The island of Antigua may decide to disregard US copyright laws and become a haven for illegal downloads after a crack down by the US on internet gambling based in the Caribbean country.
The World Trade Organisation has ruled that America's ban on off-shore online gambling is illegal, but the US government refuses to back down.
Under WTO rules, if one country has failed to uphold its obligations to another country, as Antigua feels the US has in the face of the WTO ruling, that country can choose to ignore its own obligations in response.
"The American defence was predicated on its theory that internet gambling was worse than gambling in bricks and mortar shops," said Mark Mendel, chief legal counsel for Antigua.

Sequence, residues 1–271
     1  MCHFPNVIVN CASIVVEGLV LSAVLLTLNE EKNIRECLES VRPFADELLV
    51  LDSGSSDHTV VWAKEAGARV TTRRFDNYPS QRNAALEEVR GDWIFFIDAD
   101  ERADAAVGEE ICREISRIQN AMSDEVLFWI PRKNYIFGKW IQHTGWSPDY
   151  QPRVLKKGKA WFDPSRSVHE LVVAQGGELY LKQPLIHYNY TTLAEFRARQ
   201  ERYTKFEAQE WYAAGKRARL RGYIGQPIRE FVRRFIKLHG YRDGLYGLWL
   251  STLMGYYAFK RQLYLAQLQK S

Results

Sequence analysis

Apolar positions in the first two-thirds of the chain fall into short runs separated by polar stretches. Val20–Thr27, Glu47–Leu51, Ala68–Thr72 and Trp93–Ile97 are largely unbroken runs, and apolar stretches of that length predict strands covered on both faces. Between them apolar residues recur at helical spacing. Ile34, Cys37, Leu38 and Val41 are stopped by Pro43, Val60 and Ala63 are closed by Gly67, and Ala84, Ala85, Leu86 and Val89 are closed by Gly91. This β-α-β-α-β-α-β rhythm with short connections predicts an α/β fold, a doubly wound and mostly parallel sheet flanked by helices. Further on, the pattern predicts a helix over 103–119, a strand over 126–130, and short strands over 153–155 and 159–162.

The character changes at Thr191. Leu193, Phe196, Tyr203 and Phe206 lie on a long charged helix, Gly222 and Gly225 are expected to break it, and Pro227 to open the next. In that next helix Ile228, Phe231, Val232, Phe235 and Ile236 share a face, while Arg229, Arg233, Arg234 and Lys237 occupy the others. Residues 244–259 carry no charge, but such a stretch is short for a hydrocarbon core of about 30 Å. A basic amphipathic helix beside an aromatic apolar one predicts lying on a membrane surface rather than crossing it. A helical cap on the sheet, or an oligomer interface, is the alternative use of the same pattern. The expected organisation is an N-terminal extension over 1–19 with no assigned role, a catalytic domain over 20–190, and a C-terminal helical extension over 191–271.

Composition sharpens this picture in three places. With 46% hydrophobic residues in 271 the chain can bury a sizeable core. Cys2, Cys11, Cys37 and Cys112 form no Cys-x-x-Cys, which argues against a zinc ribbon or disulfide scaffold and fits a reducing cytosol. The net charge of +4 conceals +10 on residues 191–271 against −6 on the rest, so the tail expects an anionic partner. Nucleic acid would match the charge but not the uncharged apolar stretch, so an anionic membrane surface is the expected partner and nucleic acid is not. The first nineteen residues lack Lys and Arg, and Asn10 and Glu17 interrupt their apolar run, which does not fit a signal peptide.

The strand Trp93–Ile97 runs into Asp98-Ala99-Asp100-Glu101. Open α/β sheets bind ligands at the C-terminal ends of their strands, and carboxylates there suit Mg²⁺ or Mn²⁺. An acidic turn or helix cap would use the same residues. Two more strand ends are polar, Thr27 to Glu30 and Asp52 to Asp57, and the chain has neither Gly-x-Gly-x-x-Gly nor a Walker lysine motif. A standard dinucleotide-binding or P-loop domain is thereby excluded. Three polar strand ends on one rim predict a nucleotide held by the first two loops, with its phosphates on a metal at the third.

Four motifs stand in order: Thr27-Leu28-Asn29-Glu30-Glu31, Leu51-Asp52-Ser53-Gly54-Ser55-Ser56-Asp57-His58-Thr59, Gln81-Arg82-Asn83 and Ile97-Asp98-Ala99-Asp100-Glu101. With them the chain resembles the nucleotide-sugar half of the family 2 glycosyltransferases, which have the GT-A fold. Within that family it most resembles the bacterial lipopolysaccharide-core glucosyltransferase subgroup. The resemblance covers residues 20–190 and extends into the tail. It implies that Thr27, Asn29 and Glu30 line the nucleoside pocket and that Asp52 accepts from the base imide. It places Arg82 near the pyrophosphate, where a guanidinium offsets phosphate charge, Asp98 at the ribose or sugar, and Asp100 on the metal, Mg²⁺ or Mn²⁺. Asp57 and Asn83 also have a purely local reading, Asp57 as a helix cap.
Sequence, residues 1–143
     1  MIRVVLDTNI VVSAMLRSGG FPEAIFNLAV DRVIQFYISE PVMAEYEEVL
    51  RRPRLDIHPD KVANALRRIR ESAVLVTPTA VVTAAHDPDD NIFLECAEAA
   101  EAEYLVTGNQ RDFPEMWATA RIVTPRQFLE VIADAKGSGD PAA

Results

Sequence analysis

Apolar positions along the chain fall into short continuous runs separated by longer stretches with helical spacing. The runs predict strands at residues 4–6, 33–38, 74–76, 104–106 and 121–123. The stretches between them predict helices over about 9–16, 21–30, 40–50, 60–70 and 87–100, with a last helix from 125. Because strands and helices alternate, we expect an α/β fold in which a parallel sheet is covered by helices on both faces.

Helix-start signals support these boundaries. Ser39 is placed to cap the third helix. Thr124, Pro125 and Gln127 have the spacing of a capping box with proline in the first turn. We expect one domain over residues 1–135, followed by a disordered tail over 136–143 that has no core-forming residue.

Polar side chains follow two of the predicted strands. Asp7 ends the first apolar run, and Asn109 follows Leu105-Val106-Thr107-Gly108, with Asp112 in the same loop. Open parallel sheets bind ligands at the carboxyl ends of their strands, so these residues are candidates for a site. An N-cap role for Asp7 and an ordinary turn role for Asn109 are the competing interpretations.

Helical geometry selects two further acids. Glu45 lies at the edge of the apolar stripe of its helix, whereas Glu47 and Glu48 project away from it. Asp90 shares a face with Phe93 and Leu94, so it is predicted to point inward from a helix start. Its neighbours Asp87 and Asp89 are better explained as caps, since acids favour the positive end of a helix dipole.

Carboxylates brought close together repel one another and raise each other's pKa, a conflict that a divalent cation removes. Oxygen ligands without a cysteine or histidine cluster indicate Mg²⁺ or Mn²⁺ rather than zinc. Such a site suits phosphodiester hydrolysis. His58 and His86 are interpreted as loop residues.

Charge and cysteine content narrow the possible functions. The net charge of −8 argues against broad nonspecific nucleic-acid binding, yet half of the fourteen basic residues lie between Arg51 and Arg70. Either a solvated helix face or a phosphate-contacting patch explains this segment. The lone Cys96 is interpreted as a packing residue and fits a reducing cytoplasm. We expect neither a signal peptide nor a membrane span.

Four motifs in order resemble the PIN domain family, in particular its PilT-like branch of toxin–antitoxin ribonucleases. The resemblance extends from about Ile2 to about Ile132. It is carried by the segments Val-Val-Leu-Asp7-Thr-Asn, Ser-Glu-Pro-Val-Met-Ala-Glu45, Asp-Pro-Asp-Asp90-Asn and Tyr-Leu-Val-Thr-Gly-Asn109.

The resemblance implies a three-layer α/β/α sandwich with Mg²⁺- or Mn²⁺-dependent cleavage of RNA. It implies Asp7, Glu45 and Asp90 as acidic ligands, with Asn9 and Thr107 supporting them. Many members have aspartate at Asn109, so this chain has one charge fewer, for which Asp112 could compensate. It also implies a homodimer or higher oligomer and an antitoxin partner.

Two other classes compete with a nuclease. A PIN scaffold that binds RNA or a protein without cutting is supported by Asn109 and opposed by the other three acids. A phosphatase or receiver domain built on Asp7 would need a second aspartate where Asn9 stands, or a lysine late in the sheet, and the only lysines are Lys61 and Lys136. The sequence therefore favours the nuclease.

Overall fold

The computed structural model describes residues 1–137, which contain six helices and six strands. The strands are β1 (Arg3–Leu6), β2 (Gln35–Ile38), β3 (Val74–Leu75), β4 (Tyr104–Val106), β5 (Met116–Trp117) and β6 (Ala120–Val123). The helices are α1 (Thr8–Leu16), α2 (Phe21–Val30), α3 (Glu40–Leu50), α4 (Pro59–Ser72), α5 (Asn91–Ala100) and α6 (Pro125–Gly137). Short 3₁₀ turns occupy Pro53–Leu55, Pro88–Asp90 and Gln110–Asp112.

"If they believed that, they would eliminate all remote gambling in America. They have not done that. It is just blatant trade protectionism."
However, the US responded to the March ruling at the beginning of May by claiming that it could exclude gambling and betting from the initial agreement, thereby settling the matter in its favour.
"Antigua argued that this was not a suitable tactic in dispute resolution," said a WTO statement. "Antigua encouraged other WTO members to press claims for compensation to make the process as difficult as possible for the US."
It is estimated that Antigua's gambling-based economy has been reduced by 85 per cent since the US took action.
Finding refutes many earlier studies that suggest that galaxies don't have much dark matter at the time of their birth
Boris the robot outed as man in rented robot suit
Mission will provide vital data about the performance of rocket, spacecraft, autonomous docking system and the landing system
The flight will take off from California's Mojave Air and Space Port and could happen as soon as 13th December